Economy pact by House leaders, Bush could mean tax rebate checks by May Senate OK needed

WASHINGTON -- If you get a pay envelope, Uncle Sam's about to put a little something extra in it. And he wants you to go out and spend, spend, spend.

WASHINGTON -- If you get a pay envelope, Uncle Sam's about to put a little something extra in it. And he wants you to go out and spend, spend, spend.

Starting around May, most taxpayers can expect a $600-$1,200 rebate from the federal government under a deal announced Thursday by congressional leaders and President Bush.

The deal came together with unprecedented speed as Congress and the White House moved to begin rushing the tax rebates to most tax filers by spring, hoping they will spend the money just as quickly and jolt the ailing economy to life.

Rebates would be even higher for families with children.

The one-time tax rebates are at the center of a hard-won agreement to pump about $150 billion into the economy this year and perhaps stave off the first recession since 2001. House Speaker Nancy Pelosi, Republican leader John Boehner and Treasury Secretary Henry Paulson worked out the details in negotiations that stretched into Wednesday night at the Capitol.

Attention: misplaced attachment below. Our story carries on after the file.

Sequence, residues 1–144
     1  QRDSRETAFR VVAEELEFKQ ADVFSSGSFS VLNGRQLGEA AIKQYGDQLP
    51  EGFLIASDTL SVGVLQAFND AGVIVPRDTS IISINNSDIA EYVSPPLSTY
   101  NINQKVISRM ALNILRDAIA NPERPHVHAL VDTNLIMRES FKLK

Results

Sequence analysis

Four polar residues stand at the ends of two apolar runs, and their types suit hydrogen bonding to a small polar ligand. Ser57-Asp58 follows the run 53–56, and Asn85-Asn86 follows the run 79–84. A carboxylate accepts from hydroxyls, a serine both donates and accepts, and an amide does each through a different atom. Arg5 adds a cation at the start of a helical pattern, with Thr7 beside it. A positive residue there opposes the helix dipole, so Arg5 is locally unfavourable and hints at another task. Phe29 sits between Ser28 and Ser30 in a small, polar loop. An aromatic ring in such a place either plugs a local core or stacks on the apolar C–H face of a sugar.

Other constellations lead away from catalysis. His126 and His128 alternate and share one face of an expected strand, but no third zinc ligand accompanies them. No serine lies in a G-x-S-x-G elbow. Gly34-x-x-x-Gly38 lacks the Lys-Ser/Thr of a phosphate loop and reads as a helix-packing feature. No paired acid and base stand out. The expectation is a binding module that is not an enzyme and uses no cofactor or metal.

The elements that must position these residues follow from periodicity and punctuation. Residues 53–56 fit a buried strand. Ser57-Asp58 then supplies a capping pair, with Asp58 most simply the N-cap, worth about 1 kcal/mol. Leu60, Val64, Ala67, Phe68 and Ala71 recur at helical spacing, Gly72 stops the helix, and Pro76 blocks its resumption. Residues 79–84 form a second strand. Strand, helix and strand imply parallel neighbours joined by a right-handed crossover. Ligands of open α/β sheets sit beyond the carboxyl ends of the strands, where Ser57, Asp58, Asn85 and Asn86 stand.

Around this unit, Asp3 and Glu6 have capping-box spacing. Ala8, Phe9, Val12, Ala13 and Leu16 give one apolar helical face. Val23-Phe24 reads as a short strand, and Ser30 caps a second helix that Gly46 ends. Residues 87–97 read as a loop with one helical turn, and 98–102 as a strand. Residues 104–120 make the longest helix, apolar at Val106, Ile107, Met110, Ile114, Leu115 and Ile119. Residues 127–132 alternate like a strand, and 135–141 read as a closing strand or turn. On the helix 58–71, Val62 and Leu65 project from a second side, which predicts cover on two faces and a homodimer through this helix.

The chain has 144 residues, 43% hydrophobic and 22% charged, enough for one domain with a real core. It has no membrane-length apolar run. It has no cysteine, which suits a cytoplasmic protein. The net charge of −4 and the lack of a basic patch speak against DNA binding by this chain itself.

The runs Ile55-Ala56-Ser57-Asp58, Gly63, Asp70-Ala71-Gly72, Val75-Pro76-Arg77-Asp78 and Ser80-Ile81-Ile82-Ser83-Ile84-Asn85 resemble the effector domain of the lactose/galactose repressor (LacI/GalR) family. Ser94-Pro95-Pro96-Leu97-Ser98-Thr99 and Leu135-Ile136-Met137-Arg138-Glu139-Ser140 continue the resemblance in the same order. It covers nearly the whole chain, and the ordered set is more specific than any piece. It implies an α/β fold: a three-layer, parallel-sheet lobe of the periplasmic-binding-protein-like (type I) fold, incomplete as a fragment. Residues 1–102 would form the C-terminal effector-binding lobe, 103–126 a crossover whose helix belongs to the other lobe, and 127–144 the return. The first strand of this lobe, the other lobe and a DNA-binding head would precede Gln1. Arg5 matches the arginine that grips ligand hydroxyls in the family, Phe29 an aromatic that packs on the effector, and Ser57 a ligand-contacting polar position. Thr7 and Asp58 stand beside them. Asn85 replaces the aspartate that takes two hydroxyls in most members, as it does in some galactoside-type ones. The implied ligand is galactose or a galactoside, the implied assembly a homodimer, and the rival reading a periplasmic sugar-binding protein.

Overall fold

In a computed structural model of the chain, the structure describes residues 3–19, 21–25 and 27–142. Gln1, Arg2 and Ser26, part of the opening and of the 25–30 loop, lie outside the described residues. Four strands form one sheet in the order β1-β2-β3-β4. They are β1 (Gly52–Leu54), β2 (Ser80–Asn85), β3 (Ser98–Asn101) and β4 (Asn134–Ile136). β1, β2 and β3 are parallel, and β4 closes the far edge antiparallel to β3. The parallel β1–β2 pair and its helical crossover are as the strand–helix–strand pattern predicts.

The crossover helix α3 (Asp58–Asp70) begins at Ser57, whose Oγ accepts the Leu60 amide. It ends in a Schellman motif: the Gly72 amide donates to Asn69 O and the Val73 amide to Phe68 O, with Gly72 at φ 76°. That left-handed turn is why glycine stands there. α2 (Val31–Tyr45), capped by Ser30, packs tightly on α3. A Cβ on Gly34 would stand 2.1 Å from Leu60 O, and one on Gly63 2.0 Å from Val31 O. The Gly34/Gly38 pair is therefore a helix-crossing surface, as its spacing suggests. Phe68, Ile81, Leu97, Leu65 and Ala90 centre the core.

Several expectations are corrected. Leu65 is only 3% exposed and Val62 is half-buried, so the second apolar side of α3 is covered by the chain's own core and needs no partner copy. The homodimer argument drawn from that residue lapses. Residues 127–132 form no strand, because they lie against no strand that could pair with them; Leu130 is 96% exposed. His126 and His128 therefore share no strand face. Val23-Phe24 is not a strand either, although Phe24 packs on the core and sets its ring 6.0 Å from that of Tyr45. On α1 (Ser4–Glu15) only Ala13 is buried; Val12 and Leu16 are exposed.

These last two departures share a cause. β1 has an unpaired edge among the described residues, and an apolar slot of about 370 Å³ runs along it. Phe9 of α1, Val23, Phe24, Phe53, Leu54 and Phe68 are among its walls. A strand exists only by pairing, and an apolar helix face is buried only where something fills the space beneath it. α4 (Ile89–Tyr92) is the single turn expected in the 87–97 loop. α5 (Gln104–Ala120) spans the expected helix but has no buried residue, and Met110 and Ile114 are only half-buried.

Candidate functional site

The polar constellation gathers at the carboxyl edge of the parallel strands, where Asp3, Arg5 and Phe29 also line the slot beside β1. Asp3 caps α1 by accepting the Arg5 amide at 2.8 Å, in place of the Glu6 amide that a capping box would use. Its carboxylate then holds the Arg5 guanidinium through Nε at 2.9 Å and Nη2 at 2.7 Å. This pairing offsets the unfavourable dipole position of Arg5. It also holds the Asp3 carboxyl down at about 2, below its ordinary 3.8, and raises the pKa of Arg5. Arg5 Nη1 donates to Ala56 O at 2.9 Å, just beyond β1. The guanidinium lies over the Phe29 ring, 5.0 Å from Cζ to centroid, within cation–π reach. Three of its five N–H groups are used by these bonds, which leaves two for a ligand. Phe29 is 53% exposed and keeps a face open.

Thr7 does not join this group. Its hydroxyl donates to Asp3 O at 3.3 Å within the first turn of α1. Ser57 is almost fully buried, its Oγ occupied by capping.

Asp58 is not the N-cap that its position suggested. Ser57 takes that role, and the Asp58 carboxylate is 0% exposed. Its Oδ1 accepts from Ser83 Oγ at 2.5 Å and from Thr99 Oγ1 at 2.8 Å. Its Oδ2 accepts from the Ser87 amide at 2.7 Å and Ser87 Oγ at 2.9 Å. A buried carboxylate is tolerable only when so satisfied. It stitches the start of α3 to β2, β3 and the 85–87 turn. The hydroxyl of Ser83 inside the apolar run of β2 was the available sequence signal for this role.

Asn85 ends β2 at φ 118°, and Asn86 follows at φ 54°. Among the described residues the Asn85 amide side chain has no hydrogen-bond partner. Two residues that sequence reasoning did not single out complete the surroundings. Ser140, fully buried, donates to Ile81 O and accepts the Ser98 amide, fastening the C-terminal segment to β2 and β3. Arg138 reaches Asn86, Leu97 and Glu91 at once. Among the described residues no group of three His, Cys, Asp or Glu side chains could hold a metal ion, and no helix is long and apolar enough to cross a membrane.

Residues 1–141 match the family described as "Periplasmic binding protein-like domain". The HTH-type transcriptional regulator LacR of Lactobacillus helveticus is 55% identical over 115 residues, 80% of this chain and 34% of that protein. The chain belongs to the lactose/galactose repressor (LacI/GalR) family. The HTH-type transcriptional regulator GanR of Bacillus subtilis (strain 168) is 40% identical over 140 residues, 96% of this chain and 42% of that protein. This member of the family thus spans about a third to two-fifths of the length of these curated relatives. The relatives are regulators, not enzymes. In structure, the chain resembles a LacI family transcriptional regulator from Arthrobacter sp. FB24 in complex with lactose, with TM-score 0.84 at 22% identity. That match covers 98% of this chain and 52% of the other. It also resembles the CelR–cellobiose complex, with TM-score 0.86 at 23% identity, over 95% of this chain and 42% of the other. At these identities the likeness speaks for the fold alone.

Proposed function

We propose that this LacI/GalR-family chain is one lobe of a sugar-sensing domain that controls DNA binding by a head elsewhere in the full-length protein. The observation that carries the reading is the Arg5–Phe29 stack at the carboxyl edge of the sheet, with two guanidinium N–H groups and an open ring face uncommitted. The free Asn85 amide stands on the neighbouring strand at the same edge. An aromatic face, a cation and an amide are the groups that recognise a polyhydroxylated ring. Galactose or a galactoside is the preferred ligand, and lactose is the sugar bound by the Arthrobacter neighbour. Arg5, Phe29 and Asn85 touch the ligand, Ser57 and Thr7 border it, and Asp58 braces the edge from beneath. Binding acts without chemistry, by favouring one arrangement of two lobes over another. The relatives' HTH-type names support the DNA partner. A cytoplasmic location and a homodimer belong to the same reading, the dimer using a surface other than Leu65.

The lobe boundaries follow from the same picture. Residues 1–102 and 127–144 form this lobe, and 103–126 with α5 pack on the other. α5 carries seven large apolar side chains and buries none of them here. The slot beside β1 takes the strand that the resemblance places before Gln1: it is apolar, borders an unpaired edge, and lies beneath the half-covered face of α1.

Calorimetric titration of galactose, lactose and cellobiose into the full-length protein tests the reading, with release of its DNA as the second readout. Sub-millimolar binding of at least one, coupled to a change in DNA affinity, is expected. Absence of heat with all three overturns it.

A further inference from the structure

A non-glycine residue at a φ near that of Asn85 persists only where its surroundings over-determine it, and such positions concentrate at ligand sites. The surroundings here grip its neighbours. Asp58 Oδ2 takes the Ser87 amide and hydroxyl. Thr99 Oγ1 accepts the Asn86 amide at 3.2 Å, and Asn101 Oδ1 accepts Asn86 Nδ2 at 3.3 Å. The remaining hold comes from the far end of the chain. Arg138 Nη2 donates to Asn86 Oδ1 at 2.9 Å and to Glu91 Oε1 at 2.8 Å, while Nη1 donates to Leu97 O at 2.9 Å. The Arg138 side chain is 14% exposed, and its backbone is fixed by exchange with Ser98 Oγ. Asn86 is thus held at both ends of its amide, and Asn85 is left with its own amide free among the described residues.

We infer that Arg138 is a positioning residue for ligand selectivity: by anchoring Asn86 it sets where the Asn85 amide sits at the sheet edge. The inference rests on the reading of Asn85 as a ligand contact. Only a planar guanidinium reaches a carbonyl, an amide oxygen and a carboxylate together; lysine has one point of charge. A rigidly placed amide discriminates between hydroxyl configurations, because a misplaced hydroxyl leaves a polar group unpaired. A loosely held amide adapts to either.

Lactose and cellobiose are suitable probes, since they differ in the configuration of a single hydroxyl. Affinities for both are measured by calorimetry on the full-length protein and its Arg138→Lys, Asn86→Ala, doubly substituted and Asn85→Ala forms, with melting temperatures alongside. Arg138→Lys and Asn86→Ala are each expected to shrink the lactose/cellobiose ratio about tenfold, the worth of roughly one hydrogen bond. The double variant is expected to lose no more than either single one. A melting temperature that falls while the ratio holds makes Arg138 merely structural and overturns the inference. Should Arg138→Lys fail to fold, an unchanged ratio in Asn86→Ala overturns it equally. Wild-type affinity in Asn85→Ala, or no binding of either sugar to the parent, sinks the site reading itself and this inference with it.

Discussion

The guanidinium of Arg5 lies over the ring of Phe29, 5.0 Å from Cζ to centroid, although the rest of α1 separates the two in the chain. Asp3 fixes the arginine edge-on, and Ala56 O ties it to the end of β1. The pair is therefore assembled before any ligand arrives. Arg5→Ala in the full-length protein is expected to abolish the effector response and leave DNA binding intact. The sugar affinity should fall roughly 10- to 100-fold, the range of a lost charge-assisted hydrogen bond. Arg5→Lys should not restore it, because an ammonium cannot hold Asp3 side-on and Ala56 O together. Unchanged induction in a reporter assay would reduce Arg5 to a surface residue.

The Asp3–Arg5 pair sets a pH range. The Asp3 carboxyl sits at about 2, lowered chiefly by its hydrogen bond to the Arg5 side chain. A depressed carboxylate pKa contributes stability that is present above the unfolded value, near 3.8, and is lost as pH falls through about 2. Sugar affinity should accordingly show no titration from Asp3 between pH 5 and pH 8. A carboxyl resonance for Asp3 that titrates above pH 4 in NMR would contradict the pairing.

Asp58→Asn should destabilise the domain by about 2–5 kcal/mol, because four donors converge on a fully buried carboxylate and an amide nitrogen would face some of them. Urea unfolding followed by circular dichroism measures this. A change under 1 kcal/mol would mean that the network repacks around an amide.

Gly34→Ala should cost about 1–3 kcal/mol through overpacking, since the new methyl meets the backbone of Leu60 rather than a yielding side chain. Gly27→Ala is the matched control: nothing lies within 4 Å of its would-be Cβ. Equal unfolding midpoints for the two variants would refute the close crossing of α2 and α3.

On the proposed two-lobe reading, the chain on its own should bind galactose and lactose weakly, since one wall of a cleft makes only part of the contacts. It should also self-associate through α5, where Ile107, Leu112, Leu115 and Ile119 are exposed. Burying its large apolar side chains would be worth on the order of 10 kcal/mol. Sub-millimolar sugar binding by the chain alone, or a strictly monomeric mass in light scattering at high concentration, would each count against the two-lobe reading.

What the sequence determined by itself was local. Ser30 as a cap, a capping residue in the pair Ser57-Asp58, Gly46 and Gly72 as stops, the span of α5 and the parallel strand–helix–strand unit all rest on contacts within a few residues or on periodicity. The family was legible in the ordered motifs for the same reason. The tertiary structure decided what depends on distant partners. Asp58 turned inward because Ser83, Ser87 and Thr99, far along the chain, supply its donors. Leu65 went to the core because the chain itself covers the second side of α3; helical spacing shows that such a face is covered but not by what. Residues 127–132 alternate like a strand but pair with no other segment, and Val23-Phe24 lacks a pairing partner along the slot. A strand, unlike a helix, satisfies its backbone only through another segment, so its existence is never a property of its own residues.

Approval by the Senate is needed, too, but pressure is strong for quick action by all concerned.

About two-thirds of the tax relief would go out in rebate checks to 117 million families beginning in May. Businesses would get $50 billion in incentives to invest in new plants and equipment.

Individual taxpayers would get up to $600 in rebates, working couples $1,200 and those with children an additional $300 per child under the agreement. In a key concession to Democrats, 35 million families who make at least $3,000 but don't pay taxes would get $300 rebates.

The rebates would phase out gradually for individuals whose adjusted gross income exceeds $75,000 and for couples with incomes above $150,000. Contributions to IRA and 401(k) retirement accounts and health savings accounts would not count toward the income limit.

"This package will lead to higher consumer spending and increased business investment," Bush said in hailing the agreement.

To address the mortgage crisis, the package raises the limit on Federal Housing Administration loans from $362,790 to as high as $729,750 in expensive areas, allowing more subprime mortgage holders to refinance into federally insured loans. To widen the availability of mortgages across the country, it also provides a one-year boost to the cap on loans that Fannie Mae and Freddie Mac can buy, from $417,000 up to $729,750 in high-cost markets.

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